Group brewing

Yesterday’s was another time-delay post; I was in West Roxbury
brewing a imperial oatmeal stout.

My homebrew club has
discovered the joys of using a 60 gallon liquor barrel as a
fermentation vessel, but of course, homebrewers don’t have the
equipment to brew 60 gallons at a time. But the club
has several dozen people with the equipment to brew 5 gallons at
a time. So the organizing problem is how to get at least a dozen
people to brew their 5 gallons to the same recipe at the same

It isn’t anything that would have occurred to me, since I do
all my brewing on my kitchen stove. But the answer they came up
with last year and refined this year was to get people to bring
their equipment to somebody’s back yard and all brew together.
The way this works is that people with better access to their
back yards than I have have usually concluded that it’s faster
and less messy to do the boil on a propane stove in the back
yard. So in theory, everybody brings their stove, their
brewpot, and their mash-tun to the group brewing site. I said
that I could only bring the pot and the mash-tun (in my case a
10-gallon Gott cooler with a plastic false bottom), and they
assured me there would be an extra propane burner for me to

It was actually a brilliant piece of organizing. There were
about a dozen people brewing, and two or three other people
dropped by to be assistants or just hang out. Some people were
able to brew more than 5 gallons, so we ended up with a couple
of fermenters going besides the barrel, which will be used to
top up the barrel, and to provide a control to see what flavors
are being contributed by the wooden barrel.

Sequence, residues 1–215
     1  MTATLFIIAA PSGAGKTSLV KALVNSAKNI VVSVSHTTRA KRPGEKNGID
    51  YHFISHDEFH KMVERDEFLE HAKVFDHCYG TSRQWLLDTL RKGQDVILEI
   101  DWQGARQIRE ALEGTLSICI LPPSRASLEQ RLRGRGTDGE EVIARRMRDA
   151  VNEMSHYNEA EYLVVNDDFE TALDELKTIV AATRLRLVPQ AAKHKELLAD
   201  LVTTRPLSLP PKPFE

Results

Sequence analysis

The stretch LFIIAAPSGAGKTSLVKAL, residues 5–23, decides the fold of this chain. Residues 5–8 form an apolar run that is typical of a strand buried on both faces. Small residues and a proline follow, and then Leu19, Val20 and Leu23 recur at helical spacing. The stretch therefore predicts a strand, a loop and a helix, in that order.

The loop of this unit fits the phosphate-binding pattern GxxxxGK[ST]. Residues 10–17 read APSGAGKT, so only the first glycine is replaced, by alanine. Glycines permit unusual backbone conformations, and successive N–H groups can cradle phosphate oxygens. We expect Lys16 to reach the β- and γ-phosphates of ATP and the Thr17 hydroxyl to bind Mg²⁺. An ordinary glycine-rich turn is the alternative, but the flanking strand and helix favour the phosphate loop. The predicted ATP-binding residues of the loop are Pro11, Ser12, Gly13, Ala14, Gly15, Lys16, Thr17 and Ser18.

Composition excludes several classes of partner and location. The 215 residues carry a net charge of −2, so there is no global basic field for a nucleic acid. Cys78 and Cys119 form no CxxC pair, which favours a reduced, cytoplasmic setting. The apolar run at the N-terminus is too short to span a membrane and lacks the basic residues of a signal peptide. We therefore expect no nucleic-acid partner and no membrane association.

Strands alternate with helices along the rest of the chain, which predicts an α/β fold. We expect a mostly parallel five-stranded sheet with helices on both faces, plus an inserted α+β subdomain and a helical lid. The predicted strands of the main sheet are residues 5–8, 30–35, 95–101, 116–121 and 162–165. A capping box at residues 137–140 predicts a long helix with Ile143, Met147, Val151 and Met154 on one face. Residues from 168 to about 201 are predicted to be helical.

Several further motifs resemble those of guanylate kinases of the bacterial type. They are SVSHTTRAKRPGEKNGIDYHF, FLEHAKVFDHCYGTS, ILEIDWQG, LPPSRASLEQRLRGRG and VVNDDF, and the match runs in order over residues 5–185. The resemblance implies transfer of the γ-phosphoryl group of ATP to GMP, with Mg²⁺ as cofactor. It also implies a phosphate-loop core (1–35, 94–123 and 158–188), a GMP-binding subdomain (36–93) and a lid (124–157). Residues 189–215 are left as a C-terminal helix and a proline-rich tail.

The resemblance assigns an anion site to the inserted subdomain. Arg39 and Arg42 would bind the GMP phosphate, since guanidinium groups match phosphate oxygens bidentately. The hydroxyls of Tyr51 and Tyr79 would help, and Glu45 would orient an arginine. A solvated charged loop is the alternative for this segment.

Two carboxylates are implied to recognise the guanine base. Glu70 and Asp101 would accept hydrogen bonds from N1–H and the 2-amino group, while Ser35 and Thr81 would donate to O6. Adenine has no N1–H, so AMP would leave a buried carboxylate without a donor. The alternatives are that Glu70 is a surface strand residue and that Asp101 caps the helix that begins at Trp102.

They had the grain all crushed and measured, so when you were
ready to mash, you just took a bag and added it to the heated
water. The hops were similarly measured out in little bags for
the 60 minute, 10 minute and 1 minute additions.

One of the assistants manned the grill, so there were sausages
and sweet potatoes for lunch, and donuts, cookies, chile, and apples for breakfast and
snacks. Brewing is mostly waiting around between bursts of
activity, so it was nice to have people to talk to in between
the activity. And of course, you get to see everyone else’s
equipment in action. And we had ideal weather — 50’s and sunny.

My major reason for going was that I haven’t brewed since the
hip arthritis flared up, and I thought it would be good to get
back into it with lots of strong young men around to help with the
heavy lifting. I think they weren’t really any more necessary
than they would have been 15 years ago when I was brewing twice
a month or so. But there was an incident that would have lost
more wort if there hadn’t been assistants easily to hand.

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